The only surviving northern white rhinos now are Najin and Fatu, mother and daughter, which also live at the site.
Against all odds, an international consortium of scientists and researchers have come up with a rather extraordinary scheme to save this iconic species. Among them are Dr. Thomas Hildebrandt and his team, from the Leibniz Institute for Zoo and Wildlife Research (IZW) in Berlin, who we have been following for some time now. In the past years, they have harvested eggs from the two remaining females, artificially inseminated those using frozen sperm from deceased males and created three viable northern white rhino embryos, increasing the chances of successfully producing offspring.
Najin and Fatu are both unable to carry a pregnancy, so the plan is to use southern white rhinos – which there are many more of – as surrogates. To do so, the team must prove that the procedure is safe. Not only for the females, but also for the embryos.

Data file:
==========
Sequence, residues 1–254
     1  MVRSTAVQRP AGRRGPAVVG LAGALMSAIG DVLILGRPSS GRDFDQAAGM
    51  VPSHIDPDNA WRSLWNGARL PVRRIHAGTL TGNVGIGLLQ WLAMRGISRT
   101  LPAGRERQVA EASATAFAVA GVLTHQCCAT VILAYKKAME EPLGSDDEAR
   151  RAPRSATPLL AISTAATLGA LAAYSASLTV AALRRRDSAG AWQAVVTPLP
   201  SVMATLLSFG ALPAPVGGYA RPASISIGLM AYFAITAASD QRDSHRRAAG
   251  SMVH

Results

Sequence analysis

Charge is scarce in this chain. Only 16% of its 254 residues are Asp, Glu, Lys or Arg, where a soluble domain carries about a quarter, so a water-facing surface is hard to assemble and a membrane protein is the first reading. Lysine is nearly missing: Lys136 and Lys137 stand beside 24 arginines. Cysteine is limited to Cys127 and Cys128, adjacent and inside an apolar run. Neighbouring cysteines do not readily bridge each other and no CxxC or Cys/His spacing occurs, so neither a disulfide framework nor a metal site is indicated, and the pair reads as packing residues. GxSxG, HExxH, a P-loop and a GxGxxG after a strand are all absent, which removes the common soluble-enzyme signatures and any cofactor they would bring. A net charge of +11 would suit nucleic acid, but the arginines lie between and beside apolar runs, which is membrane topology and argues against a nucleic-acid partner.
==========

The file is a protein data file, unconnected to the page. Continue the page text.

“We have only three. Before we touch them we have to be absolutely sure that there is a very high chance of success,” says Dr. Hildebrandt after a procedure to collect oocytes in Schwerin.
But there is still a lot they don’t know about the reproductive system of rhinos.
Until now, attempts to put embryos in southern white rhinos in zoos have failed, but the team remains upbeat at the prospects to revive the northern white rhino from disappearing from the planet. The year of the pandemic has not been easy on the people involved in this pioneering conservation project.
Travelling has been disrupted and science funding diverted. But in the meantime, this group of scientists have focused on fine tuning their methods and tools and developing new approaches to be better prepared for future expeditions, when travel restrictions are over.